The clock is ticking down to Sept. 23, 2013, the HIPAA final omnibus rule deadline. If you’re a hospital or health system, do you have “reasonable and appropriate administrative, technical and physical safeguards” in place to help protect your patient data, including medical images, as HIPAA requires?
Are you sure? If you do have them, are the safeguards up to date? Are they monitored and audited regularly? Is your staff compliant with the regulations and rules you have in place? Are your Business Associates compliant?
If you answered “no” or “I think so” to even one of the above questions, you could be putting your patient data at risk of a breach and your patients at risk of identity theft. And you’re not alone. In the past two years, 94% of healthcare organizations had at least one data breach, and 45% said they had more than five significant data breaches.
According to the final rule, you have until Sept. 23 to make sure your HIPAA house is in order. Per the rule, any impermissible use or disclosure of patient data is considered a data breach unless an official risk assessment concludes otherwise. It also extends requirements of the HIPAA privacy and security rules to organizations’ business associates, which are any people or companies that use or disclose protected health information on behalf of, or provide services to, a covered entity. This puts your organization on the spot – potentially with a HIPAA audit – to verify your business associates meet the requirements.
The right cloud partner can help you meet the HIPAA Sept 23rd deadline
Often in-house IT professionals lack the resources to manage all of the security projects necessary to keep protected health information (PHI), including medical images, safe. Working with a cloud services provider to manage the bulk of the back-end security can be a cost-effective solution. However, while a cloud services provider can help shoulder some of the load, it is absolutely critical to choose the right cloud partner. PHI can actually be more secure in the healthcare cloud than on your local server if you work with a cloud provider that:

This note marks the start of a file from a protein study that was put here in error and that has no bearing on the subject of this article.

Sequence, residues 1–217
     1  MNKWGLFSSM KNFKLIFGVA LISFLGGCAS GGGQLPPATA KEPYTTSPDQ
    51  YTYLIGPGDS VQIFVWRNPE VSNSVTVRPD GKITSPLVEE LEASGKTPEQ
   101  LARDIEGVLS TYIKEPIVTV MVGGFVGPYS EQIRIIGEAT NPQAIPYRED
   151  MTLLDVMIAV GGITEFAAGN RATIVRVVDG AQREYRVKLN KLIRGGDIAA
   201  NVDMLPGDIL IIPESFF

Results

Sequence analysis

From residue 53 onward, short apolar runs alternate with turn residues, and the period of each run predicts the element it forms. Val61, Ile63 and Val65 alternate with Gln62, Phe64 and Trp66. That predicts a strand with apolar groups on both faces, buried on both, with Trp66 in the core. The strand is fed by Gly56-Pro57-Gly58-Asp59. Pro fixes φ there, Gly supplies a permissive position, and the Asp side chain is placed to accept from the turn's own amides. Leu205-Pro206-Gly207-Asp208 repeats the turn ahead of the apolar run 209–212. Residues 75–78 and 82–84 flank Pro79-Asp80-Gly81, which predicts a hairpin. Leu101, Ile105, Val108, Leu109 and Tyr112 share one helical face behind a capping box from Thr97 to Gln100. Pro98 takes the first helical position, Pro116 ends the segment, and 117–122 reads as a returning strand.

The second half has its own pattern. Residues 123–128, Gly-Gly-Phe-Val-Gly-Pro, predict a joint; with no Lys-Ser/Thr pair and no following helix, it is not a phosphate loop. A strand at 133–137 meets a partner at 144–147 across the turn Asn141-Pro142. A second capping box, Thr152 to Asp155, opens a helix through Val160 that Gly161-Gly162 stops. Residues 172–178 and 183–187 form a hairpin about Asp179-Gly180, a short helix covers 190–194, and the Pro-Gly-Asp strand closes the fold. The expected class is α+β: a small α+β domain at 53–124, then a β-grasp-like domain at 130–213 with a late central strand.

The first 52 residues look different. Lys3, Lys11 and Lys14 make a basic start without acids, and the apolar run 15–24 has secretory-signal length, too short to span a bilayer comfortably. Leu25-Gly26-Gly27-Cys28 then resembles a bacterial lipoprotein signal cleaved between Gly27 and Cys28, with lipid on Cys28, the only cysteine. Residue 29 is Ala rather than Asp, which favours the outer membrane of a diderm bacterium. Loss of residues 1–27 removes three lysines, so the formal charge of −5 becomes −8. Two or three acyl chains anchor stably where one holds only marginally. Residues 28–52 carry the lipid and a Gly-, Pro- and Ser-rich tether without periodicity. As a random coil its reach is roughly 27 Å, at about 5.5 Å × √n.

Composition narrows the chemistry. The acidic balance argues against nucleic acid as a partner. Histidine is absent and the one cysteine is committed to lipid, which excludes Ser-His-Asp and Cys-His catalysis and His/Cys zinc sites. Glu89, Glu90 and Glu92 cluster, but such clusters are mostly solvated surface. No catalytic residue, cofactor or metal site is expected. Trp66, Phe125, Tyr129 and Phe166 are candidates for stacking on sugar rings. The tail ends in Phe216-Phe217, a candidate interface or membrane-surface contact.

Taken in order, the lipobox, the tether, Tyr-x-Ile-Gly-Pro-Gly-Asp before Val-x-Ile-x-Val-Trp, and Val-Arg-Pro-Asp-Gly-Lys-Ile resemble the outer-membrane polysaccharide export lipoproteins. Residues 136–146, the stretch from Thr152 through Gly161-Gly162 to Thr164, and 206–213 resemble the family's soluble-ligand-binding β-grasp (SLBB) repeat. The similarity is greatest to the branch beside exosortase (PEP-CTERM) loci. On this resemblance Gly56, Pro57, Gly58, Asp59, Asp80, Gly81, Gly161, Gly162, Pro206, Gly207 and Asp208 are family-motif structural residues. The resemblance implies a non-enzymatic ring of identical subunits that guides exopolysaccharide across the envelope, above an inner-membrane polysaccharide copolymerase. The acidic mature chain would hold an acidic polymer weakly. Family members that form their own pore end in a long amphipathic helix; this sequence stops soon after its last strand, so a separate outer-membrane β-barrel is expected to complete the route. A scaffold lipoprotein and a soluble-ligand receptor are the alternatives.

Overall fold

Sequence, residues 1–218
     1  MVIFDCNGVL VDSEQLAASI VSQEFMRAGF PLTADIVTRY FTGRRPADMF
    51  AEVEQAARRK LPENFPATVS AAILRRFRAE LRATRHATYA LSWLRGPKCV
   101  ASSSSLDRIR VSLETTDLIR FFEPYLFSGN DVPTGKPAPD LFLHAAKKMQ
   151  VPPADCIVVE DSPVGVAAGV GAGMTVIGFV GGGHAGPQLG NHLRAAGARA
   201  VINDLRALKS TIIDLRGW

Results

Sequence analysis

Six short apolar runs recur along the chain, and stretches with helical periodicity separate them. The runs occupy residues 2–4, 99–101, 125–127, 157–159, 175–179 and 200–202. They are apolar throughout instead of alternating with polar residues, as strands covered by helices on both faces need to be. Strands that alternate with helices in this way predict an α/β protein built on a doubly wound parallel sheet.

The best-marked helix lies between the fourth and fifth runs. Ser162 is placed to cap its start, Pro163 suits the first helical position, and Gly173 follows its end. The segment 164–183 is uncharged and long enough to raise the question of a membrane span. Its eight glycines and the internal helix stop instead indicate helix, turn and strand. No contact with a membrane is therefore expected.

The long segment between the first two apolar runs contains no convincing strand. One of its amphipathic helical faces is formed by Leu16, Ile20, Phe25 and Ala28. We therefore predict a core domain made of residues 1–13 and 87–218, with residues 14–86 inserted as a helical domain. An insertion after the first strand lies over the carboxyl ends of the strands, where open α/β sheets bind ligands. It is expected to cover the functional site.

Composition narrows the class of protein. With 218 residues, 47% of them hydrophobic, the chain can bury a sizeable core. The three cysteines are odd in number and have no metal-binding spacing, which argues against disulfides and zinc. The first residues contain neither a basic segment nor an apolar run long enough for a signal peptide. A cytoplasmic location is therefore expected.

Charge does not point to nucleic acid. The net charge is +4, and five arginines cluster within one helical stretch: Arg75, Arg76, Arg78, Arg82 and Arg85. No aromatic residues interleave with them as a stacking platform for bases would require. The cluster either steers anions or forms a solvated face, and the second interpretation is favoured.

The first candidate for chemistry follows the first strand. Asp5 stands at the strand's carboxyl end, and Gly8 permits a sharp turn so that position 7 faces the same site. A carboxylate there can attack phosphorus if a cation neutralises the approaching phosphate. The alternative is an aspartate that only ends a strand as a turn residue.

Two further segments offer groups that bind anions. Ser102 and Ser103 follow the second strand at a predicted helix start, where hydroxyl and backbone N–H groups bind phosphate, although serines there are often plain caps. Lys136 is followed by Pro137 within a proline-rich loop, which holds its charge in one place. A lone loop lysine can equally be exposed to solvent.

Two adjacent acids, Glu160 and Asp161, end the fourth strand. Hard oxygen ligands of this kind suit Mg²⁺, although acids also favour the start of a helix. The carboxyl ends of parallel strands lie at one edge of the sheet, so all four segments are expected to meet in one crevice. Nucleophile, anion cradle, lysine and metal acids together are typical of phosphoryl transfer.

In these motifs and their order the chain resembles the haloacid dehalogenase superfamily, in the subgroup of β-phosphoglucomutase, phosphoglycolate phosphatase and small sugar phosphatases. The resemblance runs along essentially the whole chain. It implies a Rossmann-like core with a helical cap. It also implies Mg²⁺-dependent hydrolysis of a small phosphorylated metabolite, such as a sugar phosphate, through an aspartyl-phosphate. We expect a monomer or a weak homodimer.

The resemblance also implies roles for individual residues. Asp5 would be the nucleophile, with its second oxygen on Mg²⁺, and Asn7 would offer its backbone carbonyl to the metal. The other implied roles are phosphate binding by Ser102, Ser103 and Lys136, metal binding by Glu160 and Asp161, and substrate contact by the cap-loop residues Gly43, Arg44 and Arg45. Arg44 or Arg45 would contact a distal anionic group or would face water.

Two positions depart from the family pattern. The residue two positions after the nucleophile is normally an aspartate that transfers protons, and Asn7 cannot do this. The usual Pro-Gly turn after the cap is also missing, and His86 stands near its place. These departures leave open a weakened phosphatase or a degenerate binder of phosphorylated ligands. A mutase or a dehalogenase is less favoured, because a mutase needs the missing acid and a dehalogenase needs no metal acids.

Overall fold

- Meets technology and procedure best-practices in support of HIPAA and HITECH requirements
- Agrees to a contract that specifies best-practice security and privacy policies, breach notification/support processes and data protection even upon termination of contract
- Demonstrates that its technologies and procedures are consistently updated, monitored and audited by a third-party
- Provides solutions to give your staff reliable and highly secure remote and mobile access that meets industry and regulatory requirements
Here’s an overview of the administrative, technical, and physical safeguards a full-service cloud services provider should be able to provide you with, in support of HIPAA and HITECH compliance:
Risk analysis and roadmap
A HIPAA Security Rule risk assessment and roadmap showing what you need to improve and how to help achieve compliance.
Security policies that restrict physical access to the cloud services provider data center to authorized personnel; redundant back-up storage for PHI to support business and clinical continuity.
Proof that authorized administrators of your data are current with security training, including HIPAA security training; auditing tools for you to monitor the cloud environment as desired.
Multiple layers of security technology, from network and firewall security to data encryption; mobile security features such as authentication/authorization, encryption and data “sanitation” to wipe data from stolen or missing devices.
You’re still the boss
Regardless of how much a cloud provider can support HIPAA and HITECH compliance on the back-end, it is still your organization’s responsibility to drive the bus. Do the risk assessment. Get familiar with the HIPAA and HITECH requirements. Know your business associates inside and out, and only work with those who can prove they have best-practice policies in place. The risk to your organization — both financial and professional — and to your patients is too great otherwise.